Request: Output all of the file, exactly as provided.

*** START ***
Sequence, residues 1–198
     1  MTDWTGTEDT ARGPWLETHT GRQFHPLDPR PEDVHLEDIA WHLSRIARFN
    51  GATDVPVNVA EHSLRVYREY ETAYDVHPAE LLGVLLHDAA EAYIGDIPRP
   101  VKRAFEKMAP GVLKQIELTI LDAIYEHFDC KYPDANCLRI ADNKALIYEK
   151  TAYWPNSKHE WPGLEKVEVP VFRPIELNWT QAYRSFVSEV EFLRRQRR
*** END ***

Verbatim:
Sequence, residues 1–198
     1  MTDWTGTEDT ARGPWLETHT GRQFHPLDPR PEDVHLEDIA WHLSRIARFN
    51  GATDVPVNVA EHSLRVYREY ETAYDVHPAE LLGVLLHDAA EAYIGDIPRP
   101  VKRAFEKMAP GVLKQIELTI LDAIYEHFDC KYPDANCLRI ADNKALIYEK
   151  TAYWPNSKHE WPGLEKVEVP VFRPIELNWT QAYRSFVSEV EFLRRQRR